"This Means War": A Lazy, (Vaguely) Pro-Patriot Act Bore

| Fri Feb. 17, 2012 4:00 AM PST

A delectable post-chase sequence Reese-Witherspoon-sandwich in "This Means War" (2012).: Photo courtesy of 20th Century FoxA delectable post-gunfight Witherspoon-sandwich in This Means War (2012).

Photo courtesy of 20th Century FoxThis Means War
20th Century Fox
98 minutes

After sitting through This Means War, you will probably feel like someone hit you with a large truck, and then forced you to eat the truck: mentally reeling, bilious, and more than a little mad at the world.

This latest romantic comedy with guns works off a popcorn plot cobbled together from the scraps of other big-budget fluff: A pair of young and debonair CIA operatives are at the top of their globetrotting, terrorist-neutralizing game. There's FDR (played by Chris Pine), the kind of 21st-century spook who spends almost as much time clubbing as he does womanizing. And then there's Tuck (Tom Hardy), his British-American partner who serves as the emotionally mature foil. On top of that, the two are best friends—you might even say that they're bromantically inseparable.

And, sometime between all the overseas terrorist-killing and looking enviably chiseled, the two agents start falling for the same woman: a consumer-products tester and Georgia native named Lauren Scott (a vivacious Reese Witherspoon). FYI, she doesn't know that her suitors are secret agents, or that they're best buds. So begins the personal "war" between two spies, replete with elaborate pranks and borderline-psychotic acts of sabotage.

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Oh, and thrown in there is a subplot involving a big-time international criminal named Heinrich (Til Schweiger, who played this nihilistic German in Inglourious Basterds) who's pursuing some vendetta against FDR and Tuck.*  It is difficult to remember that he's actually in the movie, due to the fact that Heinrich is the lamest, most inconsequential Eurotrash villain to come along since Dmitri Gredenko popped up in the sixth season of 24.

Essentially, the movie is Mr. & Mrs. Smith 2.0, with a hint of True Lies....or a Season 7 episode of Friends, but with more high-speed bloodletting. In the director's chair is McG, a man whose directorial style can be accurately described as Brett Ratner meets a Tim Pawlenty campaign ad. Joseph McGinty Nichol just hasn't matured much as a filmmaker since his silver-screen debut: the passable, sleek Charlie's Angels. This is probably for the best, considering the last time he tried his hand at heavier subject matter he damn near bulldozed the entire Terminator franchise.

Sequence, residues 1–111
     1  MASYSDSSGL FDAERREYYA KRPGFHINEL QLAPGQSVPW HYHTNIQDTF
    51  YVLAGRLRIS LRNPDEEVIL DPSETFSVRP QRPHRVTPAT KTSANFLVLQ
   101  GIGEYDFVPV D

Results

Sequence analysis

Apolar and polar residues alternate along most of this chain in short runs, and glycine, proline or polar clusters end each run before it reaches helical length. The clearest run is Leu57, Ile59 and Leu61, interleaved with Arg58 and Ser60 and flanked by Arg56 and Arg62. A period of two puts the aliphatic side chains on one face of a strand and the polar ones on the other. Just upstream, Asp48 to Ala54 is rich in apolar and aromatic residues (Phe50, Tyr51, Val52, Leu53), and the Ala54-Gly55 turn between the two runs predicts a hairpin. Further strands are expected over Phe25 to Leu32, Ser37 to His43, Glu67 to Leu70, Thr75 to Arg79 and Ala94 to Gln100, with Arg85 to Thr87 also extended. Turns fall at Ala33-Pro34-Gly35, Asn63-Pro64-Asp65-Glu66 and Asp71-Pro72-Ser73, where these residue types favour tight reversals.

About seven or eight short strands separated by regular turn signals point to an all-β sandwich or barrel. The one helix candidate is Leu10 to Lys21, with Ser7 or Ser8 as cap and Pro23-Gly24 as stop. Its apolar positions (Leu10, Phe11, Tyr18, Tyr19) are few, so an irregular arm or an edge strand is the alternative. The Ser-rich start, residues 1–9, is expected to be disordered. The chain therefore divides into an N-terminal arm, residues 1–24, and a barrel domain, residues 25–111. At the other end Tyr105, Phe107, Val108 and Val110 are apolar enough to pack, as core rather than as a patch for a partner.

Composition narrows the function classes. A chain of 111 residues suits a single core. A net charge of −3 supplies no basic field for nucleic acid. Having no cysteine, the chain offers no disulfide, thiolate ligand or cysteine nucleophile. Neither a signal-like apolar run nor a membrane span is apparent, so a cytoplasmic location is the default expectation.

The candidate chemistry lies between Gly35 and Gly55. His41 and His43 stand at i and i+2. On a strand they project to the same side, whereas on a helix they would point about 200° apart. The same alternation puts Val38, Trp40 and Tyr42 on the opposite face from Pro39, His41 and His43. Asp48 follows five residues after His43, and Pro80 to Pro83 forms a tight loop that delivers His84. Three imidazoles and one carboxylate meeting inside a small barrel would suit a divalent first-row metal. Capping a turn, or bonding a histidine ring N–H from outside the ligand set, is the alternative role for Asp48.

And with This Means War, the 43-year-old director is back in familiar territory as he was in 2003's Charlie's Angels: Full Throttle or his 2002 Fox series Fastlane: Lame jokes, gossamer storyline, action sequences edited to an incoherent oblivion, and empty banter recited by some extremely good-looking people.

The CIA agents blow millions upon millions of taxpayer dollars on their competing efforts to get laid by a hot blonde from Georgia.

Most of the movie is focused on the civil-liberties-screwing lengths these men will go to win over Lauren: They break into her house—at the same time—to gain valuable information, like which painters she admires, or how she enjoys staring at cute dogs. Each assembles his own team of special agents to help out with intel gathering. FDR cites the Patriot Act as his legal cover for wiretapping and video-monitoring Lauren's every move. They blow millions upon millions of taxpayer dollars on drones and around-the-clock surveillance in their competing efforts to get laid.

All of this should be funny and satirical; instead, the lovesick spy games erode into childish creepiness. When the fellas begin launching tranq darts at each other and engaging in constant, mumbled bickering, inducement to eye-rolls is more likely than snickers.

The lazy humor is framed by the kind of dialogue you've come to expect from a "Shit ___ Girls Say" YouTube clip: "Mistakes are what make us who we are," FDR posits to a vulnerable and seduceable Lauren. "Do you think it's possible to love two people equally?" Lauren grouses to her BFF Trish (comedienne Chelsea Handler, basically playing herself—desensitized, loud, sex-obsessed).

And when the tedious snooping lets up, and the bullets do start to fly, there isn't enough blood or adrenaline to make things interesting—hell, the hand-to-hand combat in Bride Wars is more brutal than this—and there isn't an ounce of imagination invested in the skirmishes. A shootout at a titty bar is a lackadaisically staged mess, and the climactic car chase through the elevated motorways of Los Angeles is mind-bogglingly brief.

After watching an action-thriller/rom-com that falls so tremendously short on the action, the thrills, the rom, and the com, you'll notice that each one of the three leads deserved a much better blockbuster to star in. Tom Hardy will atone for this as soon as The Dark Knight Rises arrives in multiplexes in late July. Chris Pine has already proven himself to be an adept, versatile performer with such films as Bottle Shock, Unstoppable, Smokin' Aces, and 2009's Star Trek under his belt. And Reese Witherspoon is Reese Witherspoon.

In the final seconds of its hour-and-a-half running time, the film serves up a minor plot twist—an attempt at lighthearted boys-will-be-boys humor that fumbles as an abrupt, unnecessary gag. It feels rushed and out of left field...until you realize that the whole movie is just one long unnecessary gag.

This Means War gets a wide release on Friday February 17. If this review hasn't completely turned you off yet, click here for local showtimes and tickets.

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* They threw his brother off a skyscraper, a faux pas that's been known to upset international-terrorist siblings.

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